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Help ,My motorized garage door opener is tripping my breaker when I use it , can I install a higher amp breaker ?

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    May we have more information, please? Like the make/model of the opener, and whether it is on a shared circuit, and how old is the breaker and what is its rated amperage? With that information in hand, I would think you will get answers to this question. – SDsolar Mar 15 '17 at 6:49
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    The garage door opener motor and the breaker should both have plaques or labels with electrical data on them (current, voltage, frequency, fuse trip data, etc.). Please edit your question to include the information from those to the best of your ability. Also as SDsolar said, tell us what you know about the age of the breaker (they do wear out eventually) and whether (and what) anything else is connected to the same circuit breaker. – user Mar 15 '17 at 8:14
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    A circuit breaker should never trip under normal use; if it does, especially repeatedly, assume a problem somewhere. DO NOT simply install a higher amperage breaker to "fix" this -- figure out what the real problem is and address that first. If you aren't comfortable working with high voltage electricity, call a professional. High-voltage electrical circuits is one of the few areas where you literally might not get a second chance to get it right, due to everything from a house fire to your own death; keep this in mind before deciding whether this is a DIY kind of job. – user Mar 15 '17 at 8:18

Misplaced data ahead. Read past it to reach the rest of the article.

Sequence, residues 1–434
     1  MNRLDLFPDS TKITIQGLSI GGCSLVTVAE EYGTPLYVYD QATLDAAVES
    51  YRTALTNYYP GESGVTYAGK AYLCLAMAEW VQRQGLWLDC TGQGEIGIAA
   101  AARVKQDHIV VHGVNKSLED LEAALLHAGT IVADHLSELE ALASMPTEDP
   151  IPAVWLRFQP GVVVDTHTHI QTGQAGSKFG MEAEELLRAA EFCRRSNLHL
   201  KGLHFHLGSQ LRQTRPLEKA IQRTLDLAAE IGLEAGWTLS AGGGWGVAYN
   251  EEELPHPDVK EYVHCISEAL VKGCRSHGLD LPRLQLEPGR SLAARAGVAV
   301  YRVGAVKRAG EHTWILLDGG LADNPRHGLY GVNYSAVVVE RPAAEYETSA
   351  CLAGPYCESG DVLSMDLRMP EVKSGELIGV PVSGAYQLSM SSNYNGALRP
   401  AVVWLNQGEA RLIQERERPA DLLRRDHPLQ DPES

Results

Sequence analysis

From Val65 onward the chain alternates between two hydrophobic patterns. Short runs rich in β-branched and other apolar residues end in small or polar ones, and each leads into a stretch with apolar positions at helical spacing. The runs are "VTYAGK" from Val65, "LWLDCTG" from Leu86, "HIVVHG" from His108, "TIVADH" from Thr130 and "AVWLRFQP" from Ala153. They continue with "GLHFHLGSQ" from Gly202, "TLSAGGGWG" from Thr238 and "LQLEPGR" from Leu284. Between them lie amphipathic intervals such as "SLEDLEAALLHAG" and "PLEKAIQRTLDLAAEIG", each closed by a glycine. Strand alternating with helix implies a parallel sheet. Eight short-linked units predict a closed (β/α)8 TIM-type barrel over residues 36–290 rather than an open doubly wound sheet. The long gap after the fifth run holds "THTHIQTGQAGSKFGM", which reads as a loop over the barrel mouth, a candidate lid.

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    To translate a little, your question is really "My breaker is annoying me by doing its intended job! How do I stop it and make my home unsafe?" ... Do you see the problem here? – brhans Mar 15 '17 at 11:42
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    The breaker is there to protect the wiring. If it's tripping because the motor is drawing too much current, changing the breaker may cause the wiring to overheat (and catch fire). That's why, at a minimum, the question needs the breaker rating and the motor rating. But assessing the cable and its current-carrying capacity will need a site visit from an electrician. – Andrew Leach Mar 15 '17 at 12:51
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First thing to do is check out the door. Unplug the motor and pull the disconnect cord to separate the door from the drive mech. Now manually try opening and closing the door. If it doesn't move smoothly (or worse, you just now notice a broken spring or cable), then fix the mechanicals. Only after that should you start suspecting a bad breaker, and as EdBeal commented, never increase the rating.

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